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Seven more hospitals join virtual critical care network

critical careSUDBURY – A total of 23 hospitals are now part of the Virtual Critical Care Unit in northeastern Ontario. Launched in May of 2014 and based at Health Sciences North (HSN) in Greater Sudbury, with funding from the North East Local Health Integration Network (NE LHIN), VCC is the first virtual critical care model of its kind in Canada.

Joining VCC this month are Anson General Hospital (Iroquois Falls), Bingham Memorial Hospital (Black River-Matheson), Englehart and District Hospital (Englehart), Hornepayne Community Hospital (Hornpayne), Lady Minto Hospital (Cochrane), Hôpital Notre-Dame Hospital (Hearst), and Hôpital de Smooth Rock Falls Hospital (Smooth Rock Falls).

Virtual Critical Care uses the latest in videoconferencing technology and electronic medical records sharing to connect HSN with smaller Critical Care units and Emergency Departments at hospitals across northeastern Ontario. The VCC model uses a specially designed software program created by the Ontario Telemedicine Network.

Under the VCC model, a team of Intensive Care physicians, specially trained nurses and ICU respiratory therapists based at HSN are available for around-the-clock consultations for critically ill patients at participating hospitals. Other allied health professionals such as dietitians and pharmacists are also available for consultation during scheduled hours.

The goal of VCC is to enhance the diagnosis and treatment of critically ill patients across northeastern Ontario, and potentially avoid the transfer of patients out of their local hospitals, away from their families and support systems.

Since being launched in May of 2014, VCC has been used for 110 patients, with an additional 218 follow-up visits, for a total of more than 11,000 VCC care minutes. Thanks to VCC, 40 patients avoided a medical transfer by air ambulance, at an approximate saving of $680,000 to the healthcare system.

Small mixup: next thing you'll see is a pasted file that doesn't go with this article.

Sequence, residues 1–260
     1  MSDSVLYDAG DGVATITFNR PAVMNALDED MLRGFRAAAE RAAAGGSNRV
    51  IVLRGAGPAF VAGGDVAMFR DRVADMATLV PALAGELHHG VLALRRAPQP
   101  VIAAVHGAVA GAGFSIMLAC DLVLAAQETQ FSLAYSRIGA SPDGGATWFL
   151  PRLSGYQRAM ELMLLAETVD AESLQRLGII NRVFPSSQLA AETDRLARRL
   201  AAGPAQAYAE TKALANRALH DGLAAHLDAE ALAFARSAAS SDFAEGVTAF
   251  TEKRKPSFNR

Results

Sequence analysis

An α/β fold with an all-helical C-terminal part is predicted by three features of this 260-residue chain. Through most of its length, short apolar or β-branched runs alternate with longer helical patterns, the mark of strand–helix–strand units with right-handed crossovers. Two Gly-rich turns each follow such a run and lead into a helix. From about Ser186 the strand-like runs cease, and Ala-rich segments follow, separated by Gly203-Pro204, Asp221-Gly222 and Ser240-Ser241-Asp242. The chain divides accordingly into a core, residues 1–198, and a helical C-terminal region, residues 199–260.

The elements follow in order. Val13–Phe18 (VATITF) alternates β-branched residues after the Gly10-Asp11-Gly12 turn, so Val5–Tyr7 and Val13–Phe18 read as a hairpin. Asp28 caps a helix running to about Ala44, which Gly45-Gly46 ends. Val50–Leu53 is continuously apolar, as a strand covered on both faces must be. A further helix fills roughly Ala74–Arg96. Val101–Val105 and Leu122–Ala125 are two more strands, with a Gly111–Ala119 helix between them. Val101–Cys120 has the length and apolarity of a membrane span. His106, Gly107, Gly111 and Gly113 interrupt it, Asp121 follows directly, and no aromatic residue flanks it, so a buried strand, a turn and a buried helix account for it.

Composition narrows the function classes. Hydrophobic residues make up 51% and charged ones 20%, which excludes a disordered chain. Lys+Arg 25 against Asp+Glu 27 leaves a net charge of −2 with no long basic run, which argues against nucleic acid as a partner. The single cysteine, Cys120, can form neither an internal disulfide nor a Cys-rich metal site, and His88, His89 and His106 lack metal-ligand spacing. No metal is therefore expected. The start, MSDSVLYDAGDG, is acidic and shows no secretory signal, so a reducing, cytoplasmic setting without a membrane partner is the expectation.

“Having more hospitals in northeastern Ontario hooked up to Virtual Critical Care is great news for patients,” says Dr. Derek Manchuk, an Intensive Care Unit physician at HSN, Medical Lead for the VCC, and Critical Care Lead for the NE LHIN. “This essentially eliminates distance as a challenge to patients in these areas needing specialized intensive care, as they can now receive more of that care in their home communities.”

“Transforming the delivery of care takes leadership and innovation,” says Louise Paquette, Chief Executive Officer of the North East Local Health Integration Network. “Providing Northerners with improved access to critical care without having to leave their communities and their families is an example of leaders working together creatively across the North East to improve patient experience.”

“As Virtual Critical Care continues to grow, we come closer and closer to our shared goal for the Ontario healthcare system: the right care at the right time in the right place,” says Laurie Poole, Vice President, Telemedicine Solutions, Ontario Telemedicine Network. “It’s a goal we believe can be achieved through innovative programs powered by telemedicine.”

“The new Virtual Critical Care service will allow us to better serve our patients, increase quality of care for the patient, reduce the wait time for a critical consultation and increase patient safety, ” says Helen Poirier, Vice Chair of Hôpital de Smooth Rock Falls Hospital. “This is a long time in the making but it has been worth the wait. We will all benefit from this new enhancement in critical care delivery.

“We’re very excited to be joining the Virtual Critical Care Unit,” says Kelly Hunter, Nurse Manager, Englehart and District Hospital. “Having access to the VCC will mean better access to care for our critically ill or injured patients.”

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